Story of John Champe
Part One
Published By
The Historical Society of Hudson County, NJ


Edited by GET NJ, COPYRIGHT 2003

ONE of the most notable occurrences of the Revolutionary period, and yet probably the least widely known, was the pretended desertion from the American army of Sergeant John Champe, and in connection therewith his attempted capture of Benedict Arnold. The story of Arnold's treachery is too well known to need repetition at this time, but it may be of interest to sketch briefly the then existing conditions. Washington's headquarters were at Tappan, on the New Jersey side of the Hudson, about opposite Dobbs Ferry. He had for some time contemplated an attack upon New York City with the assistance of the French fleet then at Newport, and in order to carry out his design, he found it necessary to consult with the French officers at Hartford. The withdrawal of the French fleet disconcerted the plan of attack, and Washington determined to return to his headquarters at Tappan, and "en route" to examine the defenses along the Hudson, visiting West Point, then under the command of General Arnold, who had established his headquarters a little below West Point, on the eastern side of the river, in what was commonly known as the Robinson House. From this place the treasonable correspondence with Major Andre was carried on under assumed names.

Washington's baggage was forwarded to this place, with notice that he and his escort would breakfast with General Arnold the next morning. On nearing Arnold's headquarters at that time, he ordered his aide-de-campes to continue, as proposed, with apologies for his delay, as he would examine the defenses along the river bank before breakfasting.

Meanwhile, the capture of Andre had been effected and treasonable papers found upon his person. Only the combination of several unexpected events prevented the execution of Arnold's designs. In the first place, the vessel that had brought Andre to the conference with Arnold for the final arrangements for the carrying out of his purpose, was driven down the river by the fire of the American batteries, thus compelling Andre's return by the land route, and causing him to travel through a territory that was beset with American scouts, as well as with marauders who were indifferent as to which side they despoiled. Hence the capture of Andre was made easy. As he was nearing his place of destination and had so far escaped molestation of any sort, his spirits lightened with the near prospect of complete safety. When near Dobbs landing he was suddenly halted and challenged. Being deceived by the appearance of his questioner – who had just been deprived of his own garments through a forcible exchange for the ragged refugee garb of his captor, he declared himself to be a British officer. He soon discovered his mistake, and his captors, closely examining his person, discovered incriminating papers concealed in his boots. He then pleaded for his release, submitting the following pass: "Permit Mr. John Anderson to pass the guards to the White Plains or below, if he chooses, he being on Public business by my direction," signed, "B. Arnold, M. Gen'l," at the same time offering any reward his captors might name for his release. The offer was indignantly spurned, and he was told "that if he would give 10,000 guineas, he should not stir one step."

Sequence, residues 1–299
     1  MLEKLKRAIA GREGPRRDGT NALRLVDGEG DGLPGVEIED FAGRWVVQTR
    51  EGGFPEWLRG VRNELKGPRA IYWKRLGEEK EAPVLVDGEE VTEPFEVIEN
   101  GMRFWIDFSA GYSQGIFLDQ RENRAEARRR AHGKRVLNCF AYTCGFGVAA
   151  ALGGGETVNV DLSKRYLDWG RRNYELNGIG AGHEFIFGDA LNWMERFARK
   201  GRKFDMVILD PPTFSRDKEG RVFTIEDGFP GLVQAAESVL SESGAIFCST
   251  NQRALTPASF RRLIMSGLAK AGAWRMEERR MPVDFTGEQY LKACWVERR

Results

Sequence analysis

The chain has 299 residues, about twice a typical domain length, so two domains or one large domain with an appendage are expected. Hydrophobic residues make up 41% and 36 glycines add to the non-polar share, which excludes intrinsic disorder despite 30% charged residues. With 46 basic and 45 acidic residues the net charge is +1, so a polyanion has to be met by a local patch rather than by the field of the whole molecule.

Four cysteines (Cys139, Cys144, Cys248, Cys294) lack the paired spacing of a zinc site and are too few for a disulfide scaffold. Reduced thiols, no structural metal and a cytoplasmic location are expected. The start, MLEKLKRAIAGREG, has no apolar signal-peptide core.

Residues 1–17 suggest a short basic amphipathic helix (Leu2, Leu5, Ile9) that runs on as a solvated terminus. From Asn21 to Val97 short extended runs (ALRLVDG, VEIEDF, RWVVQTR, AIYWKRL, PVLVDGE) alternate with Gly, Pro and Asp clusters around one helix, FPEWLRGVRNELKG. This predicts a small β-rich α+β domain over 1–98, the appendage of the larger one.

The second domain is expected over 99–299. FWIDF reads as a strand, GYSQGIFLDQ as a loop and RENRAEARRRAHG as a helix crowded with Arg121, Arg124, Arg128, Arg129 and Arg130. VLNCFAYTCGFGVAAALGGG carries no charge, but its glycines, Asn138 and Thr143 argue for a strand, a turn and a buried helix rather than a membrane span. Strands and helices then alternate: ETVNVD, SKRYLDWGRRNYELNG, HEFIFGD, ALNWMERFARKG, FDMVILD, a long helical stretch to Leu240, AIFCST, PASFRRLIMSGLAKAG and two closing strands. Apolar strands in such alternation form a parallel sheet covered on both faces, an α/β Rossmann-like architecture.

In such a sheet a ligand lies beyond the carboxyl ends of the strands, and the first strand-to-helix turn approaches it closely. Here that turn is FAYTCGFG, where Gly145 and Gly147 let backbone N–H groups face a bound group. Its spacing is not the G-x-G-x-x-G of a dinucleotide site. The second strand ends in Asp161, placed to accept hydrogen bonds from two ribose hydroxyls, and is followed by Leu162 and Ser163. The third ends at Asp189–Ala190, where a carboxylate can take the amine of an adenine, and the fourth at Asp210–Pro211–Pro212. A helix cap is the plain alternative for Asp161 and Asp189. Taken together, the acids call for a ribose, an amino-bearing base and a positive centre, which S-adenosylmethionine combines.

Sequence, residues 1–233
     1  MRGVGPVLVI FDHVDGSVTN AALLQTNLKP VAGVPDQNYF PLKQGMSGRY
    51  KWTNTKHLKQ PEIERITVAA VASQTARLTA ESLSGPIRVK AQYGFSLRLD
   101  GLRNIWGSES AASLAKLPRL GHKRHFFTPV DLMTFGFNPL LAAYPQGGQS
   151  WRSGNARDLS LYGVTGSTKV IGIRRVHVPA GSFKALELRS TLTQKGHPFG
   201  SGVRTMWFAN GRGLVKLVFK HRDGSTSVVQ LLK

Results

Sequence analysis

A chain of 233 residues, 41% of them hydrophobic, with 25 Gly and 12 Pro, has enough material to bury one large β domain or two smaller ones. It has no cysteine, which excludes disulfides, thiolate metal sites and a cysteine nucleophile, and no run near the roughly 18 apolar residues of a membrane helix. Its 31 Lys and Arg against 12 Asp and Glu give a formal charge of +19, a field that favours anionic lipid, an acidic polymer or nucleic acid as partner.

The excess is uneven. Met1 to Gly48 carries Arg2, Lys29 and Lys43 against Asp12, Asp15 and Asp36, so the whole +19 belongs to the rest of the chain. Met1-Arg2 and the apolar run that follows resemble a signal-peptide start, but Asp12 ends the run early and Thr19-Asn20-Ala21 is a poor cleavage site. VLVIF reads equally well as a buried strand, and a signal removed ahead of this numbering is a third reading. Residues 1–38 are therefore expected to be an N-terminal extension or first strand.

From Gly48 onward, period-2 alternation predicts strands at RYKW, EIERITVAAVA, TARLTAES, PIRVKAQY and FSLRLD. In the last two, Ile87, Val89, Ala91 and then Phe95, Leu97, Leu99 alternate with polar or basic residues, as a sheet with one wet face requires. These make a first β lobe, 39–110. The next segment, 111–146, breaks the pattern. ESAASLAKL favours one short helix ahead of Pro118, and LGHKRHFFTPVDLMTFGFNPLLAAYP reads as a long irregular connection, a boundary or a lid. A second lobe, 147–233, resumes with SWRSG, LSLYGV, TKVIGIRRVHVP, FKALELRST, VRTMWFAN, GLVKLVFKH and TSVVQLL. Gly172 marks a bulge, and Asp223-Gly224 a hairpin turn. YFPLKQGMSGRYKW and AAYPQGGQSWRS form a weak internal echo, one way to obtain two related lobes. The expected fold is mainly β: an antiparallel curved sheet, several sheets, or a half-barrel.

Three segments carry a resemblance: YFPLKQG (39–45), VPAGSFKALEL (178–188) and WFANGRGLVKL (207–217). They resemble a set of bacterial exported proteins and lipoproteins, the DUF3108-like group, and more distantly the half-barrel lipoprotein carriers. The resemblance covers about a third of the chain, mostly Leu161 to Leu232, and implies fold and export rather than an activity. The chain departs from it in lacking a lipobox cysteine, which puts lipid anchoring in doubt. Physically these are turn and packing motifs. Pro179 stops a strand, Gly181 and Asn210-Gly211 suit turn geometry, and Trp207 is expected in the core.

Part One